Only in the digital age might a Philadelphia drone artist find a home for a new album in Japan, but that’s what happened to JOHN 3:16, whose team-up with Anthony Donovan is available on CD in Japan and on iTunes everywhere. It’s encouraging to think that good music will find a home, even if it’s not the expected one.
JOHN 3:16 (Philippe Gerber) has always straddled the line between good and evil, which is most apparent in the contrast between his nom-de-plume and his dark-edged music. The addition of Donovan brings the sound further to the dark side, as guttural and often gibbering voices rend the garments of the mix. These incursions are like unexorcised demons, railing at their godly tormentors. The first can be heard in the background of “Strand Apart”, straining at the chains while a second, pained voice penetrates the foreground. By the end of “La facteur de la verite”, it’s all-out protest, spitting and wrenching and angry distortion. While these moments are few, they dominate the tone of the album, whose very title suggests witchcraft and something that seems like witchcraft, but isn’t; one thinks of Moses’ miracles being copied by temple magicians.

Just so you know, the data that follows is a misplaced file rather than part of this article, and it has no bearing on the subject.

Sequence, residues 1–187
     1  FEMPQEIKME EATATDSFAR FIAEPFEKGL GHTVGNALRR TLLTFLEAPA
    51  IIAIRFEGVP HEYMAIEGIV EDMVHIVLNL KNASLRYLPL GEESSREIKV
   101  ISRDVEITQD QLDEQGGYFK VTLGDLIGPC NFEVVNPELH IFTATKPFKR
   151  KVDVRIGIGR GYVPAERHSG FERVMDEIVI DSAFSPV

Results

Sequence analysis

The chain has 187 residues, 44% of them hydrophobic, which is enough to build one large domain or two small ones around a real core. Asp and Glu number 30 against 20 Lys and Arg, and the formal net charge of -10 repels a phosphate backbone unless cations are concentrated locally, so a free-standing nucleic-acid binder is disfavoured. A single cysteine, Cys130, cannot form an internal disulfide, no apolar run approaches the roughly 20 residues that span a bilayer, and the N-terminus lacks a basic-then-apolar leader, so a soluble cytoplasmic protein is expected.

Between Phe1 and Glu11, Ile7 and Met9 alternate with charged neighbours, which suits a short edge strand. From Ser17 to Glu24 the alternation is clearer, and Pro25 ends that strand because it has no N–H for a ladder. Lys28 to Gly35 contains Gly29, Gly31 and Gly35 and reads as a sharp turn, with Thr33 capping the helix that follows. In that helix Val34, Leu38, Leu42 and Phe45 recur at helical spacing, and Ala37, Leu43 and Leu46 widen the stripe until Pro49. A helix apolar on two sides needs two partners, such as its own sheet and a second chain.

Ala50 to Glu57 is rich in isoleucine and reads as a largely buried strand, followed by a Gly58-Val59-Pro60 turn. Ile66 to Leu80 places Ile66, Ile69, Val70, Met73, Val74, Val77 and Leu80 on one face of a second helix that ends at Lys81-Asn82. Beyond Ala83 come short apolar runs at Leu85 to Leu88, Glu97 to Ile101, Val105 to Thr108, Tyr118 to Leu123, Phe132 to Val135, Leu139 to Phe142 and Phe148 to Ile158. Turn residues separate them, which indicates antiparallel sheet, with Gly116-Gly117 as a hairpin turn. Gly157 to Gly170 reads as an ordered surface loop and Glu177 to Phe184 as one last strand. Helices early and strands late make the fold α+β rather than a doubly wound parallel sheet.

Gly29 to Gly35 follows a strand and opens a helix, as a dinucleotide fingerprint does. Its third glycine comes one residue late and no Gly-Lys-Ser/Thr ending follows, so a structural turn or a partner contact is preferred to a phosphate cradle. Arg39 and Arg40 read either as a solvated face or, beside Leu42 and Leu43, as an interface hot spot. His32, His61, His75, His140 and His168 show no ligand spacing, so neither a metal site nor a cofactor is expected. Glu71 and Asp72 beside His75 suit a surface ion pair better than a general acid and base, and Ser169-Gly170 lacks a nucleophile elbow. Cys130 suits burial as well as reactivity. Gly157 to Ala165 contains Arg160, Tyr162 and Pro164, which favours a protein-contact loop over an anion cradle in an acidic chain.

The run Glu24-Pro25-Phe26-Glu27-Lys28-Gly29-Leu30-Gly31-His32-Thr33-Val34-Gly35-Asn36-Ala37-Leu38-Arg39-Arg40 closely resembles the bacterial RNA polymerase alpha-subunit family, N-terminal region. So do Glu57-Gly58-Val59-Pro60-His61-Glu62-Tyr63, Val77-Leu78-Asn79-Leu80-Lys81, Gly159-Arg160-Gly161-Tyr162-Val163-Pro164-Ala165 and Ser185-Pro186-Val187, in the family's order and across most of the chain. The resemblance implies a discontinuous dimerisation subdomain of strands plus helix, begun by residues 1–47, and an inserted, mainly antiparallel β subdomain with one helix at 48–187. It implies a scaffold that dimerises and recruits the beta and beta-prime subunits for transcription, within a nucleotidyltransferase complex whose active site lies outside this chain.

Donovan does more than vocalize, of course; like Gerber, he contributes guitar, bass, keyboard and percussion. The latter tends to be of a ritualistic nature, as befits the theme. One imagines cultish, hooded figures passing in shadows, trailed by tendrils of smoke. The breakdown of “Orphite and Orphan” offers something stranger, more Cthulhulian in nature, a tangled mass of electronic tentacles that thrashes around, as if bursting blindly from an enchanted mirror. This leads to the longest and finest track, “Prolegomena”, whose title likely refers to Kant’s Prolegomena to Any Future Metaphysics That Will Be Able to Present Itself as a Science. Like Kant’s work, the track takes a while to set up its salient points before bounding into the grounded. For the first few minutes, the click is the loudest sound, while the guitars practice polemics in the distance, preparing to make their move. A screech announces the shift, and then the track becomes a toppling Tower of Babel. The pure instrumental thrust creates a wall of impression, freeing the mind to think beyond the confines of the notes. Only in the final minute does a bleeding voice attempt to break through the cacophony, but it’s too late; the languages have been scattered. The chaos that follows in its wake is a natural outgrowth of this destruction. (Richard Allen)